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Re: Department of Justice and other Government Jobs

Postby CyanIdes Of March » Thu May 16, 2013 6:07 pm

Big Fed. That's a term I've never heard before. Thanks for the reply, I'll give that a read.

EDIT: Depressing thread, but more reason for me to take more time off before going to law school. Wait for the job situation to get a little better and build up some work experience to make a more compelling application. Probably retake the LSAT since I have very little reason not too, get a job somewhere in the Federal government if at all possible, and see what it's like a 2 or 3 years from now.

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presh
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Re: Department of Justice and other Government Jobs

Postby presh » Thu May 16, 2013 7:11 pm

I work for the IRS. I'll take a stab at your questions from my very limited experience.

Interim Job - If you mean government focused, this will vary vastly by what type of work you want to do. Check around USAJobs and see if there is anything that interests you. Honestly if you can get a job at all in this economy, that's a good thing.
School Tier - As prestigious as possible, more or less just like everything else. I'm pretty sure all of the lawyers in my class at the agency are from T50 schools and we were at the top of our classes. That said, a lot of agencies are HYS/T14 whores and with budgets tight right now, they can afford to be really picky (at the IRS, it's up in the air right now whether we will be hiring any grads for this next year).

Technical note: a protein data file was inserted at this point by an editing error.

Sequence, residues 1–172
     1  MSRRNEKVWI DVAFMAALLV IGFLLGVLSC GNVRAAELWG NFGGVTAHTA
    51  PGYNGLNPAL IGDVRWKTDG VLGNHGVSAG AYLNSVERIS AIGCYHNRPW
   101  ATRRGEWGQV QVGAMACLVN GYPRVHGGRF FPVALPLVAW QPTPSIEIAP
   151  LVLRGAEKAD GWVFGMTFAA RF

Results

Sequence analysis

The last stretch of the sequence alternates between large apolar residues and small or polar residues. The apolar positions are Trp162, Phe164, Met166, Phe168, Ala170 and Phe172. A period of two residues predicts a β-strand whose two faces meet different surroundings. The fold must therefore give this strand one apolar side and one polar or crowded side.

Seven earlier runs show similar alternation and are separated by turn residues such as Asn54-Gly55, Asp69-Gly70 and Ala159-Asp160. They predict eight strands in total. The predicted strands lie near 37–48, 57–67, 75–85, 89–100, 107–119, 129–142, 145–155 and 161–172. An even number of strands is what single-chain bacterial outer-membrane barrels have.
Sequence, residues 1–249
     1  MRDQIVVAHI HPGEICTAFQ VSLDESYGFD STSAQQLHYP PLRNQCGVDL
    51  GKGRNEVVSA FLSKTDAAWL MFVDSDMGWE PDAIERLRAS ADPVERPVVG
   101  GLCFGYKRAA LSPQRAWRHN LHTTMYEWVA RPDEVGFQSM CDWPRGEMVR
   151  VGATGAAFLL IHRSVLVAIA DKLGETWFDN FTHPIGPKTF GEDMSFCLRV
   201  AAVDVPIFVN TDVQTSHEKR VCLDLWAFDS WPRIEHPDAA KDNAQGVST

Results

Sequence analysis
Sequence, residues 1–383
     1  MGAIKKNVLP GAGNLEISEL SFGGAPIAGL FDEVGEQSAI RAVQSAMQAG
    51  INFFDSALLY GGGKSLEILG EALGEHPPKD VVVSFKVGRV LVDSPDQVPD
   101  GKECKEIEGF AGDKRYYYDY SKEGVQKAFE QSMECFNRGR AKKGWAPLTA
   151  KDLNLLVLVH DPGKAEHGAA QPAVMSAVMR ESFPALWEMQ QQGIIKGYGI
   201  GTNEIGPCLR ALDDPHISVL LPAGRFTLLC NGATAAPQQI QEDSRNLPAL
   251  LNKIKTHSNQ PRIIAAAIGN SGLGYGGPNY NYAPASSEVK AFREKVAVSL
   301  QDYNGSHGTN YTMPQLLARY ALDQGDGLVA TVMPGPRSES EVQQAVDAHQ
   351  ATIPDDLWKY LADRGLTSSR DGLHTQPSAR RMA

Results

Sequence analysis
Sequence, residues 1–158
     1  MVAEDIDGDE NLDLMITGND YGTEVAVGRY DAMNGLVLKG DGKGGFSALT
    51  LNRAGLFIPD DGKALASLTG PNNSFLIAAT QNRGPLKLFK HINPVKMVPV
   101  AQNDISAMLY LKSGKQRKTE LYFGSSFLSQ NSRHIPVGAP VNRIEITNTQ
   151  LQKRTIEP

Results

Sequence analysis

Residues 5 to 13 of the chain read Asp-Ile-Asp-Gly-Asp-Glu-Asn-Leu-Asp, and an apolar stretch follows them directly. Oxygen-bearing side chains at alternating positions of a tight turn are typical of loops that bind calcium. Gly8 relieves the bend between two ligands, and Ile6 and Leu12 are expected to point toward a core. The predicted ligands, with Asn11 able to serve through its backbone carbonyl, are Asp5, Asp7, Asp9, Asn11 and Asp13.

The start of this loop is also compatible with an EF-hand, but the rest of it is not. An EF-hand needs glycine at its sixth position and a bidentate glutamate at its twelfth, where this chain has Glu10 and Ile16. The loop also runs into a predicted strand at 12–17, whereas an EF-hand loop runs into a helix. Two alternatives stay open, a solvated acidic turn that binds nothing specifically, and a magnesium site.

Competitive? - Yes, very. Possibly more than biglaw
Hours - at my agency, it is a pretty steady 40 hour workweek. Sometimes we put more hours in for a big case or trial prep. Some people do their 40 and go home. Others, who are gunning for promotion do more. I can't think of anyone who regularly does anything more than 60 hours. We "bill" in 15 minute increments, but it's only for record keeping purposes. Remember that not all gov agencies start you off at GS-13, though it usually doesn't take very many years to get there.
Experience - Again, this depends on the agency a great deal. But if you can't get into the Honors program, than it is generally a great deal easier/borderline necessity to have relevant experience.